This concentration explores how to maintain a positive brand identity and deliver effective marketing messages through communications strategies. Required coursework may also provide an overview of outreach methods, including newsletters, advertisements, and social media posts.

Digital Media

Students pursuing this concentration learn how to incorporate social media and digital media techniques into their public relations strategies. Required courses examine topics like digital photography and imaging, graphic communication, and digital analytics.

Media Relations

This concentration prepares students to coordinate relationships between their clients and the media. Required coursework emphasizes how to shape media coverage, communicate with media organizations, and promote a brand through media relations.

Corporate and Organizational Communication

This concentration caters to students pursuing positions in management, human resources, and project management. Required courses provide an overview of communication ethics and the principles of negotiation, facilitation, and mediation.

What Can I Do With a Master's in Public Relations?

Earning a master's degree typically qualifies graduates for managerial positions leading teams and helping organizations shape effective public relations strategies. Common positions include public relations manager; public relations director; marketing director; and promotions, advertising, and marketing manager.

Below are several possible careers in public relations. Our public relations guide contains even more in-depth career information.

Careers

Public Relations Manager

Public relations managers develop brand strategies for organizations and other clients. This process may include writing press releases and identifying audiences to create messaging campaigns. These professionals typically manage a team of public relations specialists working to generate leads and maintain professional contacts.

Advertising, Promotions, or Marketing Manager

Advertising, promotions, and marketing managers typically work with department heads and staff to run campaigns. Their primary tasks include creating budgets, evaluating websites, directing market research, and negotiating contracts.

Marketing Director

Marketing directors oversee marketing objectives for an organization. Primary tasks include creating projects, managing a staff of marketing professionals, and communicating with clients. They also analyze market data to develop effective strategies.

Vice President of Public Relations

Vice president of public relations is an executive-level position. These professionals oversee department heads and provide final approval on all official messaging for an organization or client. Additional tasks include coaching managers, providing talking points for working with media, and spearheading crisis management.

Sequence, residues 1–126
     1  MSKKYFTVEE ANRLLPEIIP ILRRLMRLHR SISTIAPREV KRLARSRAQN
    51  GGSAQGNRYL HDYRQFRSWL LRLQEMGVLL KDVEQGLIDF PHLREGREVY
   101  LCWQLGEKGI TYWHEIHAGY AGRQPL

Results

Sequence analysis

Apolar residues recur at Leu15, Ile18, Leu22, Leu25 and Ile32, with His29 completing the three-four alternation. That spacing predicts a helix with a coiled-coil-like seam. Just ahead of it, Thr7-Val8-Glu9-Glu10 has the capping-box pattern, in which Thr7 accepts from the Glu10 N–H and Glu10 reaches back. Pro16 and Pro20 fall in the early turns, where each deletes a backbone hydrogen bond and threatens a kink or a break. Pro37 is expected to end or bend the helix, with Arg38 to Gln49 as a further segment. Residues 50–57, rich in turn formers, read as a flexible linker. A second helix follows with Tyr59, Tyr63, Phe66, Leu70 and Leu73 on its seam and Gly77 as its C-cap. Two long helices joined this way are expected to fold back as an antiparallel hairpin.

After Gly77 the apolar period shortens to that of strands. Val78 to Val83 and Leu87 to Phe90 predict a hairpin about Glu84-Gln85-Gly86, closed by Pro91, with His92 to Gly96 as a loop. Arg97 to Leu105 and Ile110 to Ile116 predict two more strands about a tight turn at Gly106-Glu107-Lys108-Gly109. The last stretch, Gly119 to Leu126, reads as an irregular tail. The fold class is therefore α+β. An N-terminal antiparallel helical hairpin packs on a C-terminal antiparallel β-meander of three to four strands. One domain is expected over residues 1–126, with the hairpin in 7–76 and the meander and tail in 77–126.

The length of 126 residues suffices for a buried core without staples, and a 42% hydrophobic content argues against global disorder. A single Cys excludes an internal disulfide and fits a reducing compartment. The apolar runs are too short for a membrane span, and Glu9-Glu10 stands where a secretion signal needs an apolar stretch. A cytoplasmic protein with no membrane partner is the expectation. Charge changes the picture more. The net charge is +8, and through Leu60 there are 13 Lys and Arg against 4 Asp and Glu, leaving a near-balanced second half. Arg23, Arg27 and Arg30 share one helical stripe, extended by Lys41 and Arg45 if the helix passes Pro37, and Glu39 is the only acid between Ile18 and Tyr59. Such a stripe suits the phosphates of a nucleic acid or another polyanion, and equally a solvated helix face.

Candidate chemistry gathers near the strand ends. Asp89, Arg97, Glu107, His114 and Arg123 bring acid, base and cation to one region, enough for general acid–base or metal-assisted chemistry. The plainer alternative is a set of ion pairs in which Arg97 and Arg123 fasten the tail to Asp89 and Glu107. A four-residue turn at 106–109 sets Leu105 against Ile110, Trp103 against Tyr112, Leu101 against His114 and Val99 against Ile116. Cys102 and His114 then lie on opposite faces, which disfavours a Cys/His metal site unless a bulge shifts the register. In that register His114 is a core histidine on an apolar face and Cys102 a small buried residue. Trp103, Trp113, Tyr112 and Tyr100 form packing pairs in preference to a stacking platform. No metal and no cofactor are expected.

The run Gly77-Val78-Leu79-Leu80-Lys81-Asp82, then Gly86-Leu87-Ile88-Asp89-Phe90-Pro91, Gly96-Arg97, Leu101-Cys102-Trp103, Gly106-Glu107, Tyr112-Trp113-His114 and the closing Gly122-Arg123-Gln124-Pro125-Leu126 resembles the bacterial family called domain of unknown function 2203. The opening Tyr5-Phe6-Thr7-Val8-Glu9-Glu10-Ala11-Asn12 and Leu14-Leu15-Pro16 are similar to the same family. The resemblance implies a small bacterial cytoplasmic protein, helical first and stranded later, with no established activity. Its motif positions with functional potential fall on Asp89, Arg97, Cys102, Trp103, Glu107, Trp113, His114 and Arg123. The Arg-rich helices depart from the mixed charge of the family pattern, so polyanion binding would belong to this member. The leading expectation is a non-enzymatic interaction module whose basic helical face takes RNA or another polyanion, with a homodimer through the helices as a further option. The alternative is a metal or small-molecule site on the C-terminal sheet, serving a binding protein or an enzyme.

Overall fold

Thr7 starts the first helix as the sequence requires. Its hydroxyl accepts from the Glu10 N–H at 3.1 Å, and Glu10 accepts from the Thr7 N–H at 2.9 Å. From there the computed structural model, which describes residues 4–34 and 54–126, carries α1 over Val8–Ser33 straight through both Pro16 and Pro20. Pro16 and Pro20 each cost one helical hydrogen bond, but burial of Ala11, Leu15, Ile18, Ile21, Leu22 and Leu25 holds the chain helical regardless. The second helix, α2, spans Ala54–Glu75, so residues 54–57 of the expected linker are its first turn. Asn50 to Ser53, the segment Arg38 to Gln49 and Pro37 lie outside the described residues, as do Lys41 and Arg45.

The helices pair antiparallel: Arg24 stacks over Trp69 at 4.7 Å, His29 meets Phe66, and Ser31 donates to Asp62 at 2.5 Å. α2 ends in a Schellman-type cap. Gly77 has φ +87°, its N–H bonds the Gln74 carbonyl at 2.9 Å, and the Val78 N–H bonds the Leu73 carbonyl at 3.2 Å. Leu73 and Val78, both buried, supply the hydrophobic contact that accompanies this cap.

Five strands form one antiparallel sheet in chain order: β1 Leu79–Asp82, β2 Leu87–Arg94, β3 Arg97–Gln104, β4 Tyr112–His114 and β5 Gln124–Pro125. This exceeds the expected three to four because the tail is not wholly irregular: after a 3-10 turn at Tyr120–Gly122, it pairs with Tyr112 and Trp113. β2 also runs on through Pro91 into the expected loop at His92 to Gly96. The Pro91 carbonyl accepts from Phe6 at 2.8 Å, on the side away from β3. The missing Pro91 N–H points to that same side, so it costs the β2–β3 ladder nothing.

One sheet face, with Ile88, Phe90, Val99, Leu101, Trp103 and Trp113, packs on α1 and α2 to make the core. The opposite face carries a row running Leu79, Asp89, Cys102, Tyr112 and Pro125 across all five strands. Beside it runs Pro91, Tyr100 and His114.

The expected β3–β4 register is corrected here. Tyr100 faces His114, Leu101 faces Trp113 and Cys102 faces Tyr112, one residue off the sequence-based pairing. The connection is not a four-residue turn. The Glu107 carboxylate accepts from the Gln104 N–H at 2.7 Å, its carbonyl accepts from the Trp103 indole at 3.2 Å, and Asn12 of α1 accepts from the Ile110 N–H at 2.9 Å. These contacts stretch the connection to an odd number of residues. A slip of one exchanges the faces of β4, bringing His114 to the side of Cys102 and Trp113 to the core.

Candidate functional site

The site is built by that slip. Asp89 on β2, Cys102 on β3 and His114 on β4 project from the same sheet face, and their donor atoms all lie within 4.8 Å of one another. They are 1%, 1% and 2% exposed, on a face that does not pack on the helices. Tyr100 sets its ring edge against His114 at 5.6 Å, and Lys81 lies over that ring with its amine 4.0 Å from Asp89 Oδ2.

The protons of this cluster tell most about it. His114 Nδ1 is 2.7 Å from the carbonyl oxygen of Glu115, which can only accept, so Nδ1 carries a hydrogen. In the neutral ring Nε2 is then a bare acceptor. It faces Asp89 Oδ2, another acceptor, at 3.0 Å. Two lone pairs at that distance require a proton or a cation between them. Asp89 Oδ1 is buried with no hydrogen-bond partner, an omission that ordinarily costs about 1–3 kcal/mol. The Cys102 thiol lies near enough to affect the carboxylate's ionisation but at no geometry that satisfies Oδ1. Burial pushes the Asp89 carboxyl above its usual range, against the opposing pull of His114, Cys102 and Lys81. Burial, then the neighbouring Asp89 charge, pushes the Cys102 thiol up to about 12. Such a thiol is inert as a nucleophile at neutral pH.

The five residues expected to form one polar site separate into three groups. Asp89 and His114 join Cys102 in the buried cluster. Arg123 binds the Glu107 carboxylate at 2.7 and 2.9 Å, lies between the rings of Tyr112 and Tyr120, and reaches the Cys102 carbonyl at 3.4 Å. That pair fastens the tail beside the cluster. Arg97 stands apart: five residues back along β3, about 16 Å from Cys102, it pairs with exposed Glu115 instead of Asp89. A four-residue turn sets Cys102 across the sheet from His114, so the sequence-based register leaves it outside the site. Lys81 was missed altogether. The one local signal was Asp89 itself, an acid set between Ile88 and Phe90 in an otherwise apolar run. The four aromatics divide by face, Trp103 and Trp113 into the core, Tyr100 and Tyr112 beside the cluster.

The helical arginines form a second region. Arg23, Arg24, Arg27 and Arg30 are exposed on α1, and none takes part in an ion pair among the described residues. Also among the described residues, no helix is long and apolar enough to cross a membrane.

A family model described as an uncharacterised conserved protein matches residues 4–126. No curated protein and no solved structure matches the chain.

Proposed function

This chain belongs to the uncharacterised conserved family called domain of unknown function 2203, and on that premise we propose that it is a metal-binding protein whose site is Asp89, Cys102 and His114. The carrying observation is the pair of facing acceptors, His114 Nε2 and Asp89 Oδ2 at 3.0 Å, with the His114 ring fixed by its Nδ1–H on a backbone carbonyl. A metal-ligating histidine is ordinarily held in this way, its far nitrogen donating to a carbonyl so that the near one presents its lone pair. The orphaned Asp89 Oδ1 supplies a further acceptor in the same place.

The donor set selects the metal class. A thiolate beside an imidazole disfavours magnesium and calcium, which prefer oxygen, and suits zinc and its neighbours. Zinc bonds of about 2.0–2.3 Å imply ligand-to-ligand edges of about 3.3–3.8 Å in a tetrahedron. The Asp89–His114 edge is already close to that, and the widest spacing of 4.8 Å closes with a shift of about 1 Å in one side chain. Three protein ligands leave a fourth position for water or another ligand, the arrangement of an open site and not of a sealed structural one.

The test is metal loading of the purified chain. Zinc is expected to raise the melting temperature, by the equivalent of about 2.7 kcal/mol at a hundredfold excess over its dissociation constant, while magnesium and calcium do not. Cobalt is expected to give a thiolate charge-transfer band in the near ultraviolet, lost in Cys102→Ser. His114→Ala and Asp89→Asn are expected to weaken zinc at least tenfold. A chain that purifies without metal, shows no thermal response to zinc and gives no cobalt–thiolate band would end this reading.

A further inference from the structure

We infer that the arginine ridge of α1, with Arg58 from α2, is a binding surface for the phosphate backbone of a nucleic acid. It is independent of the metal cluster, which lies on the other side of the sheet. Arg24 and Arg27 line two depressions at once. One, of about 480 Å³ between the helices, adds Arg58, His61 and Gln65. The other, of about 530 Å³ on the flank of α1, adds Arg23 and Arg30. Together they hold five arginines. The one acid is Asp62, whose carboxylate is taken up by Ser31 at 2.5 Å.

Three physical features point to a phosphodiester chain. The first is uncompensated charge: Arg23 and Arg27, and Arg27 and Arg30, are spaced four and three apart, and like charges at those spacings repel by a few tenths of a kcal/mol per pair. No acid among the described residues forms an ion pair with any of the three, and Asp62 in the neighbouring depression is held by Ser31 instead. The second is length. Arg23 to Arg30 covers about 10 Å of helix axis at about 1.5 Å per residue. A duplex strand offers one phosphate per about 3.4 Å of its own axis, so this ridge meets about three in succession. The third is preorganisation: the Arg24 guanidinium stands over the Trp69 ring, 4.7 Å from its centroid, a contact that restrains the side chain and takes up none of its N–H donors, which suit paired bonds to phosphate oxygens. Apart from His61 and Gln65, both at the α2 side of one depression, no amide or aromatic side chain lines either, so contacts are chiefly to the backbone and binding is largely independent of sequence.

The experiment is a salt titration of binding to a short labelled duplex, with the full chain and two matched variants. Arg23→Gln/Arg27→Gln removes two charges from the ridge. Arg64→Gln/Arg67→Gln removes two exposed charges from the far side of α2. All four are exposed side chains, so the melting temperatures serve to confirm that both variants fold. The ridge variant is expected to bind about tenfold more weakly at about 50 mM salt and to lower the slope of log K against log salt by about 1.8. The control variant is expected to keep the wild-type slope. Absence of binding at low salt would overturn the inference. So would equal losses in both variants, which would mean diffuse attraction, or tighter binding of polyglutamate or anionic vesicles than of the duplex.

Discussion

Meeting, Convention, or Event Planner

Professionals in this field organize large events. They typically meet with clients to establish event goals and secure all necessary components, including the venue, food, entertainment, and necessary equipment.

How to Choose a Public Relations Master's Program

Before enrolling in a program to pursue your on-campus or online degree in public relations, you should establish your educational, professional, and personal goals. This process can help you apply filters to your search and narrow down your choices. Factors to consider include concentration options, program length, and required courses.

You may also want to consider each program's format. Schools may offer on-campus, fully online, or hybrid formats. Explore our guide for in-depth information about top online master's programs in public relations.

How to Get Into a Public Relations Master's Program

Most master's programs in public relations require a 3.0 minimum GPA and a bachelor's degree from an accredited institution. Additional requirements may include GRE scores, a personal statement, a professional writing sample, and letters of recommendation. Some programs also prefer applicants with work experience.

Exact requirements vary by program. It is important to research admission requirements before submitting application fees.

Read Our Guide to Graduate Admissions

How Long Does It Take to Get a Master's in Public Relations?

Earning a master's degree in public relations typically takes 18-24 months. However, program lengths vary by school and may impact the overall cost of your degree. Self-paced programs, accelerated programs, and programs that award transfer credit for previous work experience often offer shorter completion times.

Public relations professionals generally do not need additional licensure or certification. However, if you plan to pursue an academic or research position, you should consider pursuing a doctorate.

How Much Does It Cost to Get a Master's in Public Relations?

The cost of pursuing a master's degree in public relations varies by school. Factors that affect tuition include program length, whether you enroll full or part time, and whether a school is private or public.

Additionally, online learning may be more affordable than attending an in-person program. For example, distance learners can avoid costs related to on-campus housing and parking.